Associated Press Claims New Law “Protects” Minors “From Parents”

The lapdog media has a new talking point; we should expect to hear it more often.

“Children need protection FROM their parents!”

The Associated Press published a similar headline on Wednesday: “Trans Minors Protected From Parents Under Washington Law.”

At first sight, that could be misread as a typo. 

It wasn’t.

On Tuesday, May 9, Gov. Jay Inslee signed a bill into law protecting “runaway” minors seeking gender-affirming care in Washington from the interference of parents.

This new law is part of a more significant trend this year in Democratic-led states that seeks to provide a haven for transgender people in the face of a conservative movement that has seen politicians in other jurisdictions challenge transgender rights and limit or ban gender-affirming care for youngsters.

When a minor entered the care of a licensed shelter or host family in Washington, they were required to contact the child’s parents within 72 hours. The new rule allows facilities to notify the state’s Department of Children, Youth, and Families instead, which may subsequently make an effort to reunite the family if it is in the best interests of everybody involved. Without the consent of their parents, youth will also be able to remain in host houses, which are private residences staffed by volunteers.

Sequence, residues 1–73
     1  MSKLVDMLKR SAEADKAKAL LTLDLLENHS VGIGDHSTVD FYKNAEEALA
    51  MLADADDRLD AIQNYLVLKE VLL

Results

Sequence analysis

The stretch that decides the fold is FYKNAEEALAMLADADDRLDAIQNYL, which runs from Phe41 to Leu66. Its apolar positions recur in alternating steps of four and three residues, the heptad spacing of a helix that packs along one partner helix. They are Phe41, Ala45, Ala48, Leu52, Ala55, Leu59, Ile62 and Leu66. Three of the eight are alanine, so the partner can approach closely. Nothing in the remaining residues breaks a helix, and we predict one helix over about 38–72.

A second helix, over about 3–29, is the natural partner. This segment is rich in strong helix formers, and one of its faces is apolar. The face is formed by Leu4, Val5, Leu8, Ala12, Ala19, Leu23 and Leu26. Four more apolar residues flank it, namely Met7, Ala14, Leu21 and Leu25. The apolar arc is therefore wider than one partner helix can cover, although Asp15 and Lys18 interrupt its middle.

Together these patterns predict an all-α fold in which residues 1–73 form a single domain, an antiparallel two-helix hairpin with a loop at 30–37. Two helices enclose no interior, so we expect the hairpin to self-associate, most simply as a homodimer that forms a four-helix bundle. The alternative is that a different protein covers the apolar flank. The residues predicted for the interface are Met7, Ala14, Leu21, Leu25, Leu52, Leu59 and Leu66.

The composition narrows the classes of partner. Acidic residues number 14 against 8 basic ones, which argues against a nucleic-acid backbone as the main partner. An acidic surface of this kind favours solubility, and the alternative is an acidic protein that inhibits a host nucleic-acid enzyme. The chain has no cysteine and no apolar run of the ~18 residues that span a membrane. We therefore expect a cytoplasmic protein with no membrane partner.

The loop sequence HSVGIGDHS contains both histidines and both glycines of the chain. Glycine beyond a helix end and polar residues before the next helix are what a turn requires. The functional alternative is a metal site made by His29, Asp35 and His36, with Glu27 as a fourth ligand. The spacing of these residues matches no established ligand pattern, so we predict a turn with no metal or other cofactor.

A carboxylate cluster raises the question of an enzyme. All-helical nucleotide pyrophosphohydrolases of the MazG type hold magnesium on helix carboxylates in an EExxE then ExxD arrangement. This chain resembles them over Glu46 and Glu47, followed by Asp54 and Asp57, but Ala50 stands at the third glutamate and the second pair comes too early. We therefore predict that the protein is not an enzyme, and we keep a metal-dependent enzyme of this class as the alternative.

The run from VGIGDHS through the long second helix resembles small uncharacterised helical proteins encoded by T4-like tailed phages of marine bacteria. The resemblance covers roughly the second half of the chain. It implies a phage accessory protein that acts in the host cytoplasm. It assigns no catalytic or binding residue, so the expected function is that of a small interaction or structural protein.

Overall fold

Governor Jay Inslee signed a bill into law that would make it easier for transgender minors to receive gender-affirming and reproductive care.

Republican-led states are taking action to restrict transgender children from life-altering procedures, which for those under 18 usually require hormone therapy or puberty blockers. 

Opponents of gender-affirming therapy typically focus on irreversible operations like genital surgery or mastectomies and point to concerns about the therapies’ long-term impact on adolescents.

Republican politicians in Washington have spent weeks criticizing the new law that was passed on Tuesday. In March, John Braun, the Republican leader in the Senate, stated that it would create “a wedge between vulnerable kids and their parents.” Some online commenters have misconstrued the bill’s language to imply that it will result in the state forcibly removing children from their homes.

However, experts and the congressman sponsoring the bill said those comments distorted the legislation to keep homeless youth housed.